Enforcing memory-ordering: SEED uses a primarily
software approach to enforce memory-ordering. When the
compiler identifies dependent (or aliasing) instructions,
the program serializes these through explicit tokens. In this
example, the stores of n_val can conflict with the load from
the next iteration (e.g., when the linked list contains a loop),
and therefore, memory dependence edges are added.
Executing compound instructions: To mitigate communication overheads, the compiler groups primitive instructions (e.g., adds, shifts, switches, etc.) into subgraphs and
executes them on compound functional units (CFUs). These
are logically executed atomically. The example program contains four subgraphs, mapped to two CFUs.
3. 3. SEED microarchitecture
SEED achieves high instruction parallelism and simplicity
by using eight distributed computation units. Each of these
SEED units is organized around one CFU, and units communicate together over a network, as shown in Figure 6.
Compound functional unit (CFU): CFUs are composed
of a fixed network of primitive FUs (adders, multipliers, logical units, switch units, etc.), where unused portions of the
CFU are bypassed when not in use. Long latency instructions
(e.g., loads) can be buffered and passed by subsequent
instructions. Our design uses the CFU mix from existing
7 where CFUs contain 2–5 operations. CFUs which have
memory units will issue load and store requests to the host’s
memory management unit. Load requests access a store
buffer for store-to-load forwarding.
Instruction management unit (IMU): The IMU has three
responsibilities. First, it stores up to 32 compound instructions, each with a maximum of four operands each for up
to four dynamic loop iterations (equivalent to a 1024-entry
instruction window). Second, it selects instructions with
ready operands for execution on the CFU, giving priority to
the oldest instruction. Third, the IMU routes incoming values from the network to appropriate storage locations based
on the incoming instruction tag.
Communication: The ODU is responsible for distributing the output values and destination packets (SEED unit +
instruction location + iteration offset), to the bus network,
and buffering them during bus conflicts. A bus interconnect forwards output packets from the ODU to SEED unit
IMU’s which use the corresponding operands. Therefore,
dependent instructions communicating over the bus cannot execute in back-to-back cycles, a limitation of distributed dataflow.
4. SEED COMPILER DESIGN
The two main responsibilities of the compiler are determining which regions to specialize and scheduling instructions
into CFUs inside SEED regions.
Region selection: The compiler must find or create fully-
inlined nested-loop regions, which are small enough to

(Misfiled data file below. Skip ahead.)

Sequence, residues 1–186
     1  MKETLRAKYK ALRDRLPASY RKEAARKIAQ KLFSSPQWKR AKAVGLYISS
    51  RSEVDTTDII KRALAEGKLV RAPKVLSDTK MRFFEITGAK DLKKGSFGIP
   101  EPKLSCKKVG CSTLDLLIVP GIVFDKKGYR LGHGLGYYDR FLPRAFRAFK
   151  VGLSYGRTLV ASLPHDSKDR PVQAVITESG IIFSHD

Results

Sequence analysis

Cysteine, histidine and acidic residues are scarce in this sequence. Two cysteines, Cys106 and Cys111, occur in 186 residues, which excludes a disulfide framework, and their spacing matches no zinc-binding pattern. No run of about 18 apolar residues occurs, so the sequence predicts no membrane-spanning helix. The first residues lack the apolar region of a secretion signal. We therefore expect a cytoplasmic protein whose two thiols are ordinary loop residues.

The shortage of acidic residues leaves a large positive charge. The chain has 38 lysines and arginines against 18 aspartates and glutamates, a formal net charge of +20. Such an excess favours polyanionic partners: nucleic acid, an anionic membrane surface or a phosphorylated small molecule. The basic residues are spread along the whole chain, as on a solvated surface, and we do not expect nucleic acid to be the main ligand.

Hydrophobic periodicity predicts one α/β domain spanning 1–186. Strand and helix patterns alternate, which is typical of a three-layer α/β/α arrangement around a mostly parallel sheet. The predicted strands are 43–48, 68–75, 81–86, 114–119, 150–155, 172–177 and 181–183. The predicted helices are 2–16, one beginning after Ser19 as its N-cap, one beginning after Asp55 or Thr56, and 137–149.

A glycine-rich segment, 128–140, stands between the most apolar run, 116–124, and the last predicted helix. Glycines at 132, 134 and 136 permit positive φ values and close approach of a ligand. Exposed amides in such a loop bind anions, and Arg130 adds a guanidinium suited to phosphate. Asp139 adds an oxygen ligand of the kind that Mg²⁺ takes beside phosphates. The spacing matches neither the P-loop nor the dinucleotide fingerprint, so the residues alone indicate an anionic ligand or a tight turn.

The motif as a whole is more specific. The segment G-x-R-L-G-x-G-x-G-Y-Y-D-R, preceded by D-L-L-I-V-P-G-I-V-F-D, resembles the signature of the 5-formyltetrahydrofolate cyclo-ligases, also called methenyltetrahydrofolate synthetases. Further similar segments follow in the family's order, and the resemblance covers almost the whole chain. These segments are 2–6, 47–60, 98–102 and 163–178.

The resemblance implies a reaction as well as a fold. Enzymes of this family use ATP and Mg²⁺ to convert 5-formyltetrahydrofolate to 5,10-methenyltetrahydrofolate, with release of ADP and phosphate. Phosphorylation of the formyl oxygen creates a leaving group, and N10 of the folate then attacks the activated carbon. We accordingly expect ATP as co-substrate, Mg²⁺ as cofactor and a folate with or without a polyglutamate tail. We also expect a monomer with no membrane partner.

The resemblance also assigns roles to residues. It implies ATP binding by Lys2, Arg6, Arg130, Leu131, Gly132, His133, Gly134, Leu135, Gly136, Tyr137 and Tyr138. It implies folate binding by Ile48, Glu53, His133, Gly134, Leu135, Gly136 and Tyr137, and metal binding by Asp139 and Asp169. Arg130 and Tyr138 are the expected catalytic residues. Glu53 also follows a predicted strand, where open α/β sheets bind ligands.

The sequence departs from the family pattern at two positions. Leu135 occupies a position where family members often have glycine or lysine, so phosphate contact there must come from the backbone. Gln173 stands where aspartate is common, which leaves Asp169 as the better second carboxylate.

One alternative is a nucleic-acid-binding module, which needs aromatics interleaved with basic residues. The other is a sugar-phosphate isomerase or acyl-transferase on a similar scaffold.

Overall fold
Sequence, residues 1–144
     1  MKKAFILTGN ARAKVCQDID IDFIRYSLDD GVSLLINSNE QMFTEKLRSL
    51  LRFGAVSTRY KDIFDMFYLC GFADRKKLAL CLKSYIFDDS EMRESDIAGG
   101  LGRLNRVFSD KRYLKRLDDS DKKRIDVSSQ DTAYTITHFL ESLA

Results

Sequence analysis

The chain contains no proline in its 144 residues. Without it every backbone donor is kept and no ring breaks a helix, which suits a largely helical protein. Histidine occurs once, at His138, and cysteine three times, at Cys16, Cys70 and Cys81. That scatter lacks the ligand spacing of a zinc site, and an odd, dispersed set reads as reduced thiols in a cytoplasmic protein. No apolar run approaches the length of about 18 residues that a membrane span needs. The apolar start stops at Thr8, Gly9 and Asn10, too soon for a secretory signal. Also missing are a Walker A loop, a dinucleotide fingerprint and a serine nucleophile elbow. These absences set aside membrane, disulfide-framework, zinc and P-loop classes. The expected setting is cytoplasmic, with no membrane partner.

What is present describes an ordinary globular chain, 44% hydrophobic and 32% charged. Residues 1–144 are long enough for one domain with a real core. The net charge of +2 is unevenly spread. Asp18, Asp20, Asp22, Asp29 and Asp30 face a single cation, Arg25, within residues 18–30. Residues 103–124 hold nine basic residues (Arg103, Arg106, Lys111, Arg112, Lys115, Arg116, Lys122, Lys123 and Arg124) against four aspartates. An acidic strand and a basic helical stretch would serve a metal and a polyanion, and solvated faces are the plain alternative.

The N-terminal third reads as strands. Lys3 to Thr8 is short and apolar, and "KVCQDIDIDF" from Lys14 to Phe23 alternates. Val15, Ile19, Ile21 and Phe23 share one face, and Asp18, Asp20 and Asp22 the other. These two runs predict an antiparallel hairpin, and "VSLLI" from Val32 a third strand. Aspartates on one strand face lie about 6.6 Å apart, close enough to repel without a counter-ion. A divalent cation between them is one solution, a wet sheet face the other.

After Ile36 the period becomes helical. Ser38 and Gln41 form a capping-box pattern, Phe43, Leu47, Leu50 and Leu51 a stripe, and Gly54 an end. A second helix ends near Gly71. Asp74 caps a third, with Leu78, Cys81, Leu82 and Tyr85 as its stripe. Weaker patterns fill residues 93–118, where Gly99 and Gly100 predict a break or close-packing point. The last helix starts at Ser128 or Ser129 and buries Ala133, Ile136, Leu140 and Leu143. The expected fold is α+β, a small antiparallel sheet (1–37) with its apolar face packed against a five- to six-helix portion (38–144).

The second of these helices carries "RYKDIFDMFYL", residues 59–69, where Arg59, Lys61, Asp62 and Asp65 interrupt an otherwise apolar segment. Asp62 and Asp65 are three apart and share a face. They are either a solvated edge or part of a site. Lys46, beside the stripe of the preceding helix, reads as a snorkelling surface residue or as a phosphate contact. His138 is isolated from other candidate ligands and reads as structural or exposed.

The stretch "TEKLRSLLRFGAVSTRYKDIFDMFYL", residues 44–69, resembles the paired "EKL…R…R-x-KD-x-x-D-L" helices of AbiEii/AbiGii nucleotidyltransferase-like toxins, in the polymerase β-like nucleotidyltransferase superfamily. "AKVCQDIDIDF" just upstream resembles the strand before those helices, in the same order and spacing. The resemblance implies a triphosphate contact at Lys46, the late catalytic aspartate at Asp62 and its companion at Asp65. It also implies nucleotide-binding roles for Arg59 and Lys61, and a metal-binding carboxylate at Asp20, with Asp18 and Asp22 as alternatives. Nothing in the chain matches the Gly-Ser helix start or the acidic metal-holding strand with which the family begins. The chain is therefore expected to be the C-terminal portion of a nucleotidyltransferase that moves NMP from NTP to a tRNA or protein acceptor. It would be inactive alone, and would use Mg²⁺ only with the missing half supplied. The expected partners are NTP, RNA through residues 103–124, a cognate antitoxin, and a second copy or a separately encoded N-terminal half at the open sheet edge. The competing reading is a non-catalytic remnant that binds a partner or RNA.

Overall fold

match SEED’s operand/instruction storage. Also, the inner
loop should be unrolled for instruction parallelism. An
Amdahl-tree based approach can be used to select regions.
Also, we should avoid regions where the OOO core (through
control speculation) or the SIMD units would have performed
better. One approach is to use simple heuristics, for exam-
ple, avoid control-critical regions. A dynamic approach can
be more flexible; for example, training online predictors to
give a runtime performance estimate based on per-region
statistics. Related work explores this in detail,
16, 18 and this
work simply uses a static oracle scheduler (see Section 5).
Instruction scheduling: The instruction scheduler forms
compound instructions and assigns them to units. Its job is
to balance communication cost by creating large compound
instructions, while also ensuring that combining instructions does not artificially increase the critical path length. To
solve this, we use integer linear programming, specifically
extending a general scheduling framework for spatial architectures17 with the ability to model instruction bundling.
5. EVALUATION METHODOLOGY
For evaluating SEED, OOO core specialization techniques,
and the other designs we compare to, we employ a TDG-based modeling methodology.
15 We use Mc-PAT11 with 22nm
technology to estimate power and area. Von Neumann core
configurations are given in Table 1.
The benchmarks we chose were from SPECint and Mediabench,
10 representing a variety of control and memory irregularity, as well as some regular benchmarks. To eliminate
compiler/runtime heuristics on when to use which architecture, we use an oracle scheduler, which uses previous runs
to decide when to use the OOO core, SEED, or SIMD.
6. EVALUATING DATAFLOW SPECIALIZATION
To understand the potentials and trade-offs of dataflow specialization, we explore the prevalence of required program
structure, per-region performance, and overall heterogeneous core benefits.
6. 1. Program structure
Nested loop prevalence: Figure 8 shows cumulative distributions of dynamic instruction coverage with varying dynamic
region granularity, assuming maximum 1024 instructions.
Considering regions with a duration of 8K dynamic instructions or longer (x-axis), nested loops can cover 60% of total
instructions, whereas inner loops cover only 20%. Nested
loops also greatly increase the region duration for a given
percentage coverage (1K–64K for 40% coverage).
Compound instruction prevalence: Figure 9 is a histogram
of per-benchmark compound instruction sizes which the
compiler created, showing on average 2–3 instructions. This
Table 1. Von Neuman core configurations.
Little (IO2) Dual issue, 1 load/store port.
Medium (OOO2) 64 entry ROB, 32 entry IW, LSQ: 16 ld/20 st,
Big (OOO4) 168 entry ROB, 48 entry IW, LSQ: 64 ld/36 st,
2 ld/st ports, speculative scheduling.
Common x86 ISA, 256-bit SIMD, 2-way 32KiB I$, 64KiB
L1D$ ( 4 cycle latency), 8-way 2MB L2$
( 22 cycle hit latency), 2GHz.